Report

Probing the Ultimate Limit of Fiber-Optic Strain Sensing

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Science  28 Oct 2010:
1195818
DOI: 10.1126/science.1195818

Abstract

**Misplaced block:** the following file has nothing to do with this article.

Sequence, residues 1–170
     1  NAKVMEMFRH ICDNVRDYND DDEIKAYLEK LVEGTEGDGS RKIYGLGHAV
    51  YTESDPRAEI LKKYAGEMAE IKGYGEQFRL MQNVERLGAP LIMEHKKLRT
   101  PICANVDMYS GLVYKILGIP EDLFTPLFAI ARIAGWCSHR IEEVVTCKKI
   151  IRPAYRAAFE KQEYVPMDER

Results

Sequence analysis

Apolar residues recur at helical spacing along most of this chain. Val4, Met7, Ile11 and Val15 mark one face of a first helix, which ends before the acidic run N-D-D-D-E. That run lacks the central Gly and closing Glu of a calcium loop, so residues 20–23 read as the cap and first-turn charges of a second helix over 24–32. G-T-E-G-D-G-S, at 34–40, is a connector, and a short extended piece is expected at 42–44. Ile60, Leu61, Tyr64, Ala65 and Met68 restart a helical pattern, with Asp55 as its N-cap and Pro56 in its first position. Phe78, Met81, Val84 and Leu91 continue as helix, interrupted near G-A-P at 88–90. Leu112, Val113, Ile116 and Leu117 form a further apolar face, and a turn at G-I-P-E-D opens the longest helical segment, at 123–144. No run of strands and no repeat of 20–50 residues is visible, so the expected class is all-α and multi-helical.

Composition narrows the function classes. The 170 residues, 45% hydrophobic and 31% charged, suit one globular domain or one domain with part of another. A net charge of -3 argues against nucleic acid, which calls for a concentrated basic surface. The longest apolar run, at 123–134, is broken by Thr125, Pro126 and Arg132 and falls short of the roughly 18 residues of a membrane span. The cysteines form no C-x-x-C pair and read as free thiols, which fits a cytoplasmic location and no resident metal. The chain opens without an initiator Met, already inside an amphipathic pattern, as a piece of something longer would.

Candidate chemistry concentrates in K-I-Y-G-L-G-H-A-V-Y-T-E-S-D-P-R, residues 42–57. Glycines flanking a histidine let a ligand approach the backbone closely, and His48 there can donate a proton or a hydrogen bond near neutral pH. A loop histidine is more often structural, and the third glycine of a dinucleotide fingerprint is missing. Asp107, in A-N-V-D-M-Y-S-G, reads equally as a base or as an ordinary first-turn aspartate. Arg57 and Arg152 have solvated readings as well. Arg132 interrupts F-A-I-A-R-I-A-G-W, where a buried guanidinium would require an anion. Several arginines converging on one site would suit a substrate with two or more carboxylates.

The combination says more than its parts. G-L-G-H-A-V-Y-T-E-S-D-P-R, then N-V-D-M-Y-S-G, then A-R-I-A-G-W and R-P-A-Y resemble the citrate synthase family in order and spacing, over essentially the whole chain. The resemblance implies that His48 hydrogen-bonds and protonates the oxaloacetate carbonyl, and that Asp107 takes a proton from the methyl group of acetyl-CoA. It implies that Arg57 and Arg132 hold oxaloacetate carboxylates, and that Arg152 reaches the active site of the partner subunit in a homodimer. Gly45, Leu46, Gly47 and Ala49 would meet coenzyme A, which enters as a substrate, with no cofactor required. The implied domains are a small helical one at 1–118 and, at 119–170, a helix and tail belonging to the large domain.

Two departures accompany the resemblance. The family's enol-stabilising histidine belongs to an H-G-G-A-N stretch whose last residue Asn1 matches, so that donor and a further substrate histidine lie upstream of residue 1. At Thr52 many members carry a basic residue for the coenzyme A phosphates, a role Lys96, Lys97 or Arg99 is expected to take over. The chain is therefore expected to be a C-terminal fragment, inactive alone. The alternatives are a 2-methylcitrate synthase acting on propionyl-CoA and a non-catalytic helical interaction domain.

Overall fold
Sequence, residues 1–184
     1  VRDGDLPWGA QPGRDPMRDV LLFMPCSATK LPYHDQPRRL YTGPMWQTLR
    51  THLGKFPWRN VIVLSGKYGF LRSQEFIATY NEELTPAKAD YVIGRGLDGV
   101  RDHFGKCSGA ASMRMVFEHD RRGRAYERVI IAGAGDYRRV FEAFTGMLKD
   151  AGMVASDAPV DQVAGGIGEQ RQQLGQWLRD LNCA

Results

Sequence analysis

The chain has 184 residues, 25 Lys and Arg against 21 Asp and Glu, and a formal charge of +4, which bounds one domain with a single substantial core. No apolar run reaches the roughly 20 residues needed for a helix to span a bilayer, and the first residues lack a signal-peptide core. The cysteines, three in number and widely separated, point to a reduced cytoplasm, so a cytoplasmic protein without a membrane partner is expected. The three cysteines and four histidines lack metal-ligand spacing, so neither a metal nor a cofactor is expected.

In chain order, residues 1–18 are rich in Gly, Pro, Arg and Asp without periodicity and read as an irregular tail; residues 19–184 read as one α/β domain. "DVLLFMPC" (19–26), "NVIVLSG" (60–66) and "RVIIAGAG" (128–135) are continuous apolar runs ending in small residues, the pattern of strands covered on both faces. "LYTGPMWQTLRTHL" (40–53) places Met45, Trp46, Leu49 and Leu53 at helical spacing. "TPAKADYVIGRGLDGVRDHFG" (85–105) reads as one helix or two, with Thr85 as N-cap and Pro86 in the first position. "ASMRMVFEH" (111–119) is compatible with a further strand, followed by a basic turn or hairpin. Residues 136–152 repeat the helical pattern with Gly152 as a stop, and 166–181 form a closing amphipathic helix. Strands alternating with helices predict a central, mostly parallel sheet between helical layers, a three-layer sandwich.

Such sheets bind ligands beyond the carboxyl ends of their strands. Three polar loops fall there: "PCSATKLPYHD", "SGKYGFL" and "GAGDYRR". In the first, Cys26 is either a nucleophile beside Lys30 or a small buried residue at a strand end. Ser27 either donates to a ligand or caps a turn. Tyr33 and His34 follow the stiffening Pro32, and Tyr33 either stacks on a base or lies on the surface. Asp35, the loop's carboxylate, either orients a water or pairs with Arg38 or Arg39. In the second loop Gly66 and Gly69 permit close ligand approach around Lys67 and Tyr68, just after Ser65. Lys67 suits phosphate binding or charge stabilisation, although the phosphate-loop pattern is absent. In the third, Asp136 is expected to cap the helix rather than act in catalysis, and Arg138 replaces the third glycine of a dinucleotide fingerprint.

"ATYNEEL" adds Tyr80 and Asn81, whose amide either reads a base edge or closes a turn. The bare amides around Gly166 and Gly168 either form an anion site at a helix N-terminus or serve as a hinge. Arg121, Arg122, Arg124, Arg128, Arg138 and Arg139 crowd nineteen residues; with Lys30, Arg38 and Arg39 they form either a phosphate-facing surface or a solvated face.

The measurement of relative displacements and deformations is important in many fields such as structural engineering, aerospace, geophysics, and nanotechnology. Optical fiber sensors have become key tools for strain measurements with sensitivity limits ranging between 10–9 ε Hz–1/2 and 10–6 ε Hz–1/2 (ε is the fractional length change). We report on strain measurements at the 10–13 ε Hz–1/2 level using a fiber Bragg-grating resonator with a diode laser source that is stabilized against a quartz-disciplined optical frequency comb, thereby approaching detection limits set by thermodynamic phase fluctuations in the fiber. This scheme may provide a route to a new generation of strain sensors, entirely based on fiberoptic systems, which are aimed at measuring fundamental physical quantities—e.g., in gyroscopes, gravimeters, or gravitational wave detectors.